Why can't liberals and conservatives argue?

Why the US is arguing about abortion again

Main pictureThe highest judge appointed by Donald Trump in the fall of 2020, Amy Coney Barrett, could shake things up with her voice on the subject of abortions. (Archive image)(c) REUTERS (POOL)

The recently predominantly conservative Supreme Court is devoting itself to pregnancies for the first time. Joe Biden is considering changes.

Vienna / Washington. It was one of the last cases where the liberal icon of the US Supreme Court cast her vote. Along with the majority of her Supreme Court colleagues, Ruth Bader Ginsburg declared a law unconstitutional that would have put abortion in Louisiana in the hands of only one doctor.

That was a good year ago. "Roe vs. Wade," as the original Supreme Court case that established abortion law in 1973 was called, held. Once again. One vote had made the difference - the Conservative chairman, John Roberts, had voted with the more liberal judges.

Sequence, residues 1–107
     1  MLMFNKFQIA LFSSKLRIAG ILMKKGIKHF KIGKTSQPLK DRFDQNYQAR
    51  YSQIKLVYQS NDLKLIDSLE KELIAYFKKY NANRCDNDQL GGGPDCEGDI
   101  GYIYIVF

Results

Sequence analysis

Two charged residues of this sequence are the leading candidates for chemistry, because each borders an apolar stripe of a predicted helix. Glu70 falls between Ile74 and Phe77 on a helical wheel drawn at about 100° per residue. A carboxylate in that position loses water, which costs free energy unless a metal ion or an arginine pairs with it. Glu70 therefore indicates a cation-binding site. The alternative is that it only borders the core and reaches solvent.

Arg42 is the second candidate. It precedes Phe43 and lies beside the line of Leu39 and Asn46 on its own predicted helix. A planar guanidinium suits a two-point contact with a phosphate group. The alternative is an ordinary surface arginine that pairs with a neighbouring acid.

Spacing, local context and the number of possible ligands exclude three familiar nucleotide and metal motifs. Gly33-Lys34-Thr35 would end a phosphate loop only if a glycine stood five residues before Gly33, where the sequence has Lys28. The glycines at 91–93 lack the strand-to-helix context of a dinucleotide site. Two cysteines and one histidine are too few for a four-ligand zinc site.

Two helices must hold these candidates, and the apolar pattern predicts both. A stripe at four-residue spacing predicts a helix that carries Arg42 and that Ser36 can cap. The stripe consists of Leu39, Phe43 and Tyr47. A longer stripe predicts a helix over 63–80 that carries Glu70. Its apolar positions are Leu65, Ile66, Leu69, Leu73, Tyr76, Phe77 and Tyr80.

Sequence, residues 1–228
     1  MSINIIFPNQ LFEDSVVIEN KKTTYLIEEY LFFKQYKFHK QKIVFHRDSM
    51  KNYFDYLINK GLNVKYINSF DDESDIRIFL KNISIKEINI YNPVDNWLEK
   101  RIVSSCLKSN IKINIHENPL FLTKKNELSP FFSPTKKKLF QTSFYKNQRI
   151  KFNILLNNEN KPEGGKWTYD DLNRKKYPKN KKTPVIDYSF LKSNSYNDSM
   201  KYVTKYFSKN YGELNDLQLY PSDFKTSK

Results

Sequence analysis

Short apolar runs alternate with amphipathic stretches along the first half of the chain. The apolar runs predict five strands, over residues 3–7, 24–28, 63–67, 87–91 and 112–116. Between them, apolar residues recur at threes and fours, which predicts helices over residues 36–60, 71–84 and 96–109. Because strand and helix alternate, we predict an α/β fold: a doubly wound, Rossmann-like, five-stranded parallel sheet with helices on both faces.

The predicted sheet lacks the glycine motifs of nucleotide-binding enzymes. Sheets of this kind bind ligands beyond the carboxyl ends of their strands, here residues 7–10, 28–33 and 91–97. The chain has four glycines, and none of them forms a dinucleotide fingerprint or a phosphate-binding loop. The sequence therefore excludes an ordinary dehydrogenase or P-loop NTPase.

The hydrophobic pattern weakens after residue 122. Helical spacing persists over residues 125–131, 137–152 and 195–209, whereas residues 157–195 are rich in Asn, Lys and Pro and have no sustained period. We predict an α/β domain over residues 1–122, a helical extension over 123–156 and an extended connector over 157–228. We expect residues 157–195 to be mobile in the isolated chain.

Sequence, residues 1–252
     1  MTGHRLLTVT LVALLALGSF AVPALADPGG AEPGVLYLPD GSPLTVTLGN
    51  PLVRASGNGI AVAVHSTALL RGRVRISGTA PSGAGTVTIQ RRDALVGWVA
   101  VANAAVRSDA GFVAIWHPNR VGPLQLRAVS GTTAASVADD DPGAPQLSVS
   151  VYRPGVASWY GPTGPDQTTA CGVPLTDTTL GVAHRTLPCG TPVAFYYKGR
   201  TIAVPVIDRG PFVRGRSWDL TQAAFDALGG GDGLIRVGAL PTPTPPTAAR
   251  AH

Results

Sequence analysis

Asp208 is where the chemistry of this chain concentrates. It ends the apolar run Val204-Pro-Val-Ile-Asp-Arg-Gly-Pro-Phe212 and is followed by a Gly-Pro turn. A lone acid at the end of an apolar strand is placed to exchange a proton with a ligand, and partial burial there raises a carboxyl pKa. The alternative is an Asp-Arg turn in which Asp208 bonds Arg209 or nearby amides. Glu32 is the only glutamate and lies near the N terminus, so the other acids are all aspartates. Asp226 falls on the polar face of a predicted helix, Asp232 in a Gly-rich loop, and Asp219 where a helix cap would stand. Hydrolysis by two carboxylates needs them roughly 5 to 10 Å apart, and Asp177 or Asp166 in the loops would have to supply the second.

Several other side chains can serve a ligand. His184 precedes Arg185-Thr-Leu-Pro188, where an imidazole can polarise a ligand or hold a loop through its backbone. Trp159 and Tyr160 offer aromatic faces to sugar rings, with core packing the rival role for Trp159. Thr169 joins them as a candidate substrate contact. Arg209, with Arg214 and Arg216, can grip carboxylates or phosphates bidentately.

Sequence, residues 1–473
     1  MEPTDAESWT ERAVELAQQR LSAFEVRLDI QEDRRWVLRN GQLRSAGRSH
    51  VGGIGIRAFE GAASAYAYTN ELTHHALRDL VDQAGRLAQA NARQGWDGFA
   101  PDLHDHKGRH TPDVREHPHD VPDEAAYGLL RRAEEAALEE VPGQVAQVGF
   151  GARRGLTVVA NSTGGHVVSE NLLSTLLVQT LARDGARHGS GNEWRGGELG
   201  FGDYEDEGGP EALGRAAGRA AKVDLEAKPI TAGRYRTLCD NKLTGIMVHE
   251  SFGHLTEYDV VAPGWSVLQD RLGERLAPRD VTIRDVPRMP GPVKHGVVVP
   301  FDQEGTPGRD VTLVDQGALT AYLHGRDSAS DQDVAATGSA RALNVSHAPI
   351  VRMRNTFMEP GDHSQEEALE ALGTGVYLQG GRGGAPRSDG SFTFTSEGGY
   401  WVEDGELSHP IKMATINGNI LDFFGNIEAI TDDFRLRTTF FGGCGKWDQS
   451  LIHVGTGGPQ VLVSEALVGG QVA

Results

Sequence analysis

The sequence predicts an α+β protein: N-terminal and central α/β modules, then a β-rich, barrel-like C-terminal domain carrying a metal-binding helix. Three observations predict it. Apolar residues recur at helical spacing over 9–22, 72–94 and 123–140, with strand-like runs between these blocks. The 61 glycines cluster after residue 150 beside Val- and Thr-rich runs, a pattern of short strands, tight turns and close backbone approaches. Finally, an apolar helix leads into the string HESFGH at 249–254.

In 2021 the right to terminate the pregnancy will be again before the highest judges. This time it is about a regulation from Mississippi, and instead of a narrow conservative majority, it is now clear. Bader Ginsburg died in September 2020. And the then US President, Republican Donald Trump, quickly installed the third member on the bench of the highest judges, the conservative Amy Coney Barrett, shortly before he was voted out of the office in November.